rusty-wam aims to become to ISO Prolog what GHC is to Haskell: an open source industrial strength production environment that is also a testbed for bleeding edge research in logic and constraint programming, which is itself written in a high-level language.
Produce an implementation of the Warren Abstract Machine in Rust, done according to the progression of languages in Warren's Abstract Machine: A Tutorial Reconstruction.
Phase 1 has been completed in that rusty-wam implements in some form all of the WAM book, including lists, cuts, Debray allocation, first argument indexing, last call optimization and conjunctive queries.
Extend rusty-wam to include the following, among other features:
- call/N as a built-in meta-predicate (done).
- ISO Prolog compliant throw/catch (done).
- Built-in and user-defined operators of all fixities, with custom associativity and precedence (done).
- Bignum, rational number and floating point arithmetic (done).
- Built-in control operators (
->, etc.) (done).
- A revised, not-terrible module system (done, I think).
- Built-in predicates for list processing and top-level declarative
call_with_inference_limit/3, etc.) (done)
- Default representation of strings as list of chars, using a packed
internal representation (done).
- A representation of 'partial strings' as difference lists of characters (done).
- Definite Clause Grammars.
- Attributed variables using the SICStus Prolog interface and
semantics. Adding coroutines like
freeze/2, etc. is straightforward with attributed variables.
- An occurs check.
- Mode declarations.
- Extensions for clp(FD).
if_and related predicates, following the developments of the paper "Indexing
- Strings, blobs, and other data types.
Use the WAM code produced by the completed code generator to get JIT-compiled and -executed Prolog programs. The question of how to get assembly from WAM code is something I'm still considering.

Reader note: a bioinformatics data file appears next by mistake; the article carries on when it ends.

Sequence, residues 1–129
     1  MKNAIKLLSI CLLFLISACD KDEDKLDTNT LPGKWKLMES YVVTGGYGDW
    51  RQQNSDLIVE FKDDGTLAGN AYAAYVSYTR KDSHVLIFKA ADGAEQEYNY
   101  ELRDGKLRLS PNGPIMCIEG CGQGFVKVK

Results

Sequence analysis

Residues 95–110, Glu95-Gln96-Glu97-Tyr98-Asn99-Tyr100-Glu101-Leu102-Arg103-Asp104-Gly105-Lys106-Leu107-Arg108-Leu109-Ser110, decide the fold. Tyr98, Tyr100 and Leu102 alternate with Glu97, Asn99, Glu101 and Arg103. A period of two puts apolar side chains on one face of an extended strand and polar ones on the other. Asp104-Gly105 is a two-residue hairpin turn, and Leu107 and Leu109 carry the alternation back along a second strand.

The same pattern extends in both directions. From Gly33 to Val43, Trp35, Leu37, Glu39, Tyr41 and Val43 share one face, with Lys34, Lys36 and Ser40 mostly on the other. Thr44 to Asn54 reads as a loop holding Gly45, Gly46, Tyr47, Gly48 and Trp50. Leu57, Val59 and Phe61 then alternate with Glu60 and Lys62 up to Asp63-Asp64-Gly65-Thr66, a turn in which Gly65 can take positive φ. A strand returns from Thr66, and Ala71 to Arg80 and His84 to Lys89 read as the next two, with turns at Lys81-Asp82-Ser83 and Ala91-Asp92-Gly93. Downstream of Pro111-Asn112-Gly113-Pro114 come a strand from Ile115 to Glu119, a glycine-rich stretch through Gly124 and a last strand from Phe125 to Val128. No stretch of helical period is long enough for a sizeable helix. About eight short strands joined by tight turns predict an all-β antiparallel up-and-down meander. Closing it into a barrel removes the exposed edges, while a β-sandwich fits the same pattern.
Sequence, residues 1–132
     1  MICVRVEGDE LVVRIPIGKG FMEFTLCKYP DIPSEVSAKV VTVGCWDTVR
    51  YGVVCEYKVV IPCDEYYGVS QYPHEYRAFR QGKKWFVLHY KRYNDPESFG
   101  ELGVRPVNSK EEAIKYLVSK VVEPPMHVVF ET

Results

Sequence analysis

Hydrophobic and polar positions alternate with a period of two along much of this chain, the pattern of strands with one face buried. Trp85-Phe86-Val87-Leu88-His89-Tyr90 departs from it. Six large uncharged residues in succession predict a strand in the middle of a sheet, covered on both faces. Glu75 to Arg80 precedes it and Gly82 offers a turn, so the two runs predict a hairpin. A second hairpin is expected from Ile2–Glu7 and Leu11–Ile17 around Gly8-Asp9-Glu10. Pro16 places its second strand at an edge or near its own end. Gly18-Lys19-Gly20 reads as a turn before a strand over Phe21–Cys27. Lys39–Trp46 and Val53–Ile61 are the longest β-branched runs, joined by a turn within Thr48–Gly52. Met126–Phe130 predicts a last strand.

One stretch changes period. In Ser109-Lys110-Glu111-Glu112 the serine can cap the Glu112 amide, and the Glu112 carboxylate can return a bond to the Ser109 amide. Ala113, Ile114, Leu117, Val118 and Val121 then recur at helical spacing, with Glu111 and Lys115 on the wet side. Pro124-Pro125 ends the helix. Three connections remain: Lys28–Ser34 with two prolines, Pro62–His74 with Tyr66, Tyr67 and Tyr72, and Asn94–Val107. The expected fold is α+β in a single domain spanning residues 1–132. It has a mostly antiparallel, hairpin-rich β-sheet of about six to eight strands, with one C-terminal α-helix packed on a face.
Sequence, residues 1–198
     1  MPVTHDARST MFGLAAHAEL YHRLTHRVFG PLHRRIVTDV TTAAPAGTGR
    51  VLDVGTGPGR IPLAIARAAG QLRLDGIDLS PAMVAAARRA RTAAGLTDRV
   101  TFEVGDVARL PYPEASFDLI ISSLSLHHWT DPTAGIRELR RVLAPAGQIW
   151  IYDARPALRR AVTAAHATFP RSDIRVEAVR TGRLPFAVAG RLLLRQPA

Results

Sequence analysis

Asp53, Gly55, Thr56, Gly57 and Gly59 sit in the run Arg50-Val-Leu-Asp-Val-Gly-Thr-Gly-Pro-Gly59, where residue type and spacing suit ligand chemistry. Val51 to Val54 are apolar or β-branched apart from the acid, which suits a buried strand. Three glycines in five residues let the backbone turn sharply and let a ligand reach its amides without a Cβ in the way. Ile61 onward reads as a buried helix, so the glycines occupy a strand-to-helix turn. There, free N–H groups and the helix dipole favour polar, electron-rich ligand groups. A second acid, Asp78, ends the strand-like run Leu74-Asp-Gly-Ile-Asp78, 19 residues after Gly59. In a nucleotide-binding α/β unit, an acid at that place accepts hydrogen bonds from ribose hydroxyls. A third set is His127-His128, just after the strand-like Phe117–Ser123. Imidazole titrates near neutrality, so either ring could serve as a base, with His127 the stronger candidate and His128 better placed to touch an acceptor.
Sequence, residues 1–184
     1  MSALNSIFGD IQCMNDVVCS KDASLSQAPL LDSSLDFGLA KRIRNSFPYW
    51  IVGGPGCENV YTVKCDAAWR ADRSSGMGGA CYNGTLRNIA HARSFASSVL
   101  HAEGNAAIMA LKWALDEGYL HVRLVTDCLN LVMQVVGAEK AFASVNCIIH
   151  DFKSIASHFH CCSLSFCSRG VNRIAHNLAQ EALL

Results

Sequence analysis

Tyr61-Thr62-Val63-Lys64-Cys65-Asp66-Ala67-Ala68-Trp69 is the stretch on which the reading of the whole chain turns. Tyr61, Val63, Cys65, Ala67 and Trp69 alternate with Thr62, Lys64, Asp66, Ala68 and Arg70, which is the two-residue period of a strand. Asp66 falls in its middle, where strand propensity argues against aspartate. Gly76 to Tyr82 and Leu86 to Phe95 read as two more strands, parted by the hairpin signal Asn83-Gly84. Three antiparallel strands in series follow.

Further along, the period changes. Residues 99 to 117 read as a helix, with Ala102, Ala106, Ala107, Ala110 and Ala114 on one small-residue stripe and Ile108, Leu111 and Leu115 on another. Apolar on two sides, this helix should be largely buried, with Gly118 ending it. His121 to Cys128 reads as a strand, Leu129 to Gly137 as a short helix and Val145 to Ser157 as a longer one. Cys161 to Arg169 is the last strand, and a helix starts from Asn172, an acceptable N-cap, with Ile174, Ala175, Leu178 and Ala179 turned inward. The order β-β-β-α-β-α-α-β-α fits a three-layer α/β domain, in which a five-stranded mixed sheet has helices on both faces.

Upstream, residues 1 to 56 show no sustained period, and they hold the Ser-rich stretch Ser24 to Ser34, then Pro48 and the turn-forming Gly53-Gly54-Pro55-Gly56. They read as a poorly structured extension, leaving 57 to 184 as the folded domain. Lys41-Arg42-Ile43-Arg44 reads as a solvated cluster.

It's my hope to use rusty-wam as the logic engine of a low level (and ideally, very fast) Shen implementation.
Nice to have features
There are no current plans to implement any of these, but they might be nice to have in the future. They'd make a good project for anyone wanting to contribute code to rusty-wam.
Implement the global analysis techniques described in Peter van Roy's thesis, "Can Logic Programming Execute as Fast as Imperative Programming?"
Add unum representation and arithmetic, using either an existing unum implementation or an ad hoc one. Unums are described in Gustafson's book "The End of Error."
Add support for shift/reset delimited continuations, see "Delimited Continuations for Prolog."
Add an incremental compacting garbage collector for the heap.
Add concurrent tables to manage shared references to atoms and strings.
Add optional SLG resolution for fast memoization of predicates.
Add some form of JIT predicate indexing.
First, install the latest stable version of Rust using your preferred method. Then install the latest rusty-wam with cargo, like so:
$> cargo install rusty-wam
cargo will download and install the libraries rusty-wam uses
automatically. You can find the
rusty-wam executable in